Take the 2-minute tour ×
Physics Stack Exchange is a question and answer site for active researchers, academics and students of physics. It's 100% free, no registration required.

In physics, the law conservation of energy states that the total energy of an isolated system cannot change—it is said to be conserved over time. (Source : wikipedia(conservation of energy)

And

Truly isolated systems cannot exist in nature, other than allegedly the universe itself, and they are thus hypothetical concepts only. (Source : wikipedia (isolated system)

Clearly depict a loophole in the law of conservation of energy as the law holds in case of isolated systems and apparently these do not exist.

I thought of various practical experiments to inspect the actuality of the law, but in reality I could not think of a single experiment which does not send off energy in form of heat/sound/light out of the system. Even the experiments performed in UCLA here states that some energy will be uncaccounted for in the experiment !

Even a simple experiment of a ball falling down creates heat from friction with air. Clearly the law must hold if we conduct the entire experiment in an isolated system, but these simply do not exist.

Magnetic levitation to experiment with conservation of energy experiment is not an option as the levitation requires energy and going back to source, we come up with the same heat release problem which makes this experiment only a complex version of the first one.

Note : I am not talking about approximations

Since we can not make any sort of isolated system without it leaking/absorbing energy into the surroundings. The discussion of the conservation of energy boils down to the conservation of energy of the entire universe.

Through various texts I came to the conclusion that the total energy of Universe is not a constant. Those texts being (1, 2, 3)

Even the ArxiV paper listed as 3 states only

Despite remaining hesitations about where additional mass could be coming from, on the overall balance of consistency, we conclude that the energy conservation law is better obeyed by means of increasing mass of the universe with its radius Conserves only a type of energy as it suggests increment in mass which is also a type of energy.

I believe this looks extremely like challenging the law of conservation of energy which is supported by neother's theorem among many others. But I just wish to determine whether practically this law is actually valid or not !

I do not expect to get answers of 99.99% conservation with the negligible heat being lost neglected.

I understand that GR does not say energy is conserved but the scales of day to day life and that of GR are different which makes energy conservation at earthly scales even if 99.99% a boon. But this just means that energy conservation depends on the working scale and experiment and ranges from nearly 100% in some to not conserved in various aspects of GR.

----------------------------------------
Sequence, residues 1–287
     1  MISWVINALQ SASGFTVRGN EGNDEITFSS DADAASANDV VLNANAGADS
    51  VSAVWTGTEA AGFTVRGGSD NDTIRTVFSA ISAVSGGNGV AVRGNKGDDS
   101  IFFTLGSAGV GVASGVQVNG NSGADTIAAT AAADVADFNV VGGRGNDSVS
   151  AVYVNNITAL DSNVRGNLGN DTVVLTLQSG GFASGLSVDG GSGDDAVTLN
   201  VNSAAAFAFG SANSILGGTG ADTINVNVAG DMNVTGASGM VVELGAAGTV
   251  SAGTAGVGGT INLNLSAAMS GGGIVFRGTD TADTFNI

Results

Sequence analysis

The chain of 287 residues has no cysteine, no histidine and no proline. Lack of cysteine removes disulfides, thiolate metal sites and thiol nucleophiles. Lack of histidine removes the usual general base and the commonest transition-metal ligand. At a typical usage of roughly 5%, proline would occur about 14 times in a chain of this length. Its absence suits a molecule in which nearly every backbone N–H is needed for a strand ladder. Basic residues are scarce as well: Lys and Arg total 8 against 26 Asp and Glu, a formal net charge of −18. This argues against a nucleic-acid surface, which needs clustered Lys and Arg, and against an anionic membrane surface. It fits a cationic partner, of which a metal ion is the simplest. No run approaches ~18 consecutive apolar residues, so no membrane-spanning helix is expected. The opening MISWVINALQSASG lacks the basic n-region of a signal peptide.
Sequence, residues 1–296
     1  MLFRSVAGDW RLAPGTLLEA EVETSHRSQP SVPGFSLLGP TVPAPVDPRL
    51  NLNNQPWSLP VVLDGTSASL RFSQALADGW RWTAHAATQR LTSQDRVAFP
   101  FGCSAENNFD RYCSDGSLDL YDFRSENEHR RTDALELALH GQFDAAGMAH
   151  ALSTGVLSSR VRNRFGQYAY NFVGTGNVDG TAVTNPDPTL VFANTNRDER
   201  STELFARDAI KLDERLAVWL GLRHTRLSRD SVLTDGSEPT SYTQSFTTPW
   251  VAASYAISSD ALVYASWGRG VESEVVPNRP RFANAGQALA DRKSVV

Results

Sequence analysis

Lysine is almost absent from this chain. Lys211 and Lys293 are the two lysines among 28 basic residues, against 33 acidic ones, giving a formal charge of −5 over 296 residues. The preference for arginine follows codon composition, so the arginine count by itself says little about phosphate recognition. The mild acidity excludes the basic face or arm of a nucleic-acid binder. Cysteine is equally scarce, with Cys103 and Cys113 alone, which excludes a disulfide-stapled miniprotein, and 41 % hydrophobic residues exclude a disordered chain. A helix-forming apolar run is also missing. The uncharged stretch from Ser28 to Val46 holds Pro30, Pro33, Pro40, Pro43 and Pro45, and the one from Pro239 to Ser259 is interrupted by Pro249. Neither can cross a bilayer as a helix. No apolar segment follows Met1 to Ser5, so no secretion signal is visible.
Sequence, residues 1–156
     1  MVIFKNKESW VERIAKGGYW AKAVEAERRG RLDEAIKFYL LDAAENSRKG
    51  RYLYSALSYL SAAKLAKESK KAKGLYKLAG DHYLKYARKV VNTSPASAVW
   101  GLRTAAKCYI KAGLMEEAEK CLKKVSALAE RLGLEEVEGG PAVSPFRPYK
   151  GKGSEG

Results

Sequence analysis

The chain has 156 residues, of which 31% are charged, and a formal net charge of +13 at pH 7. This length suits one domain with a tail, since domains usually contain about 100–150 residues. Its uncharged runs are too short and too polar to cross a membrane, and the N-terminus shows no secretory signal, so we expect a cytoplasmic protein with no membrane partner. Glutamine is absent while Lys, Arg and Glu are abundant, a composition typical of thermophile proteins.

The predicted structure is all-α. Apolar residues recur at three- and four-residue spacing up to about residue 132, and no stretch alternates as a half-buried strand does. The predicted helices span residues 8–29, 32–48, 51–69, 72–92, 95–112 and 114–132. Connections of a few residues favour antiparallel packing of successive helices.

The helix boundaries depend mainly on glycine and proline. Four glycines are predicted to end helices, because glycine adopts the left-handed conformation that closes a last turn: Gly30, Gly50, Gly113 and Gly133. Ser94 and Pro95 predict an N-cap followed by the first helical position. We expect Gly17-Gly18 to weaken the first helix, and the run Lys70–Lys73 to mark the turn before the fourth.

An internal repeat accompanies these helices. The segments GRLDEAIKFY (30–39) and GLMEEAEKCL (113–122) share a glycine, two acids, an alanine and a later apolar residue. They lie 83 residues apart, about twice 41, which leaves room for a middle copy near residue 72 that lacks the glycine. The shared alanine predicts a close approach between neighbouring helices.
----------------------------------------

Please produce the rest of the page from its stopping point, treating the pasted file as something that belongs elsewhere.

Finally the bottom line of question is, can we experimentally prove that energy, total energy is actually conserved ?
(a Yes answer requires a detailed experiment with complete conservation and no loopholes)

share|improve this question
    
A theory can't be proved by experiment, it can only be shown to not contradict given experiment, or disproved. Moreover, the history of science suggests that physical theories are just approximations of laws of nature, and approximations break sooner or later. –  Ruslan Feb 6 at 14:53
    
@Ruslan : Do you mean to say that Conservation of Energy is ultimately just an approximation, and under various circunstances be circumvent to produce machines such as even a perpetual motion machine ! –  Rijul Gupta Feb 6 at 14:56
    
@rijulgupta I believe what he's trying to say is that the law fits everything we know today, but it might be possible that we find out that in some specific cases this interpretation might fail. For instance, we know that energy fluctuations do temporarly occur (see here en.wikipedia.org/wiki/Quantum_fluctuation) –  cinico Feb 6 at 15:03
    
I mean to say that it's currently known law, but no one can guarantee that it won't ever broken. In quantum mechanics you already have something which makes this law fuzzy: Heisenberg uncertainty principle. Something might be discovered which would indeed allow making perpetual motion machine, but according to current understanding of nature, it's impossible. –  Ruslan Feb 6 at 15:03
1  
This question and its answers might be useful. –  Ruslan Feb 6 at 15:17

2 Answers 2

Finally the bottom line of question is, can we experimentally prove that energy, total energy is actually conserved ? (a Yes answer requires a detailed experiment with complete conservation and no loopholes)

Elementary particle physicists have been doing this for more than sixty years. Conservation of energy is one of the main constraints that built up the standard model of particle physics.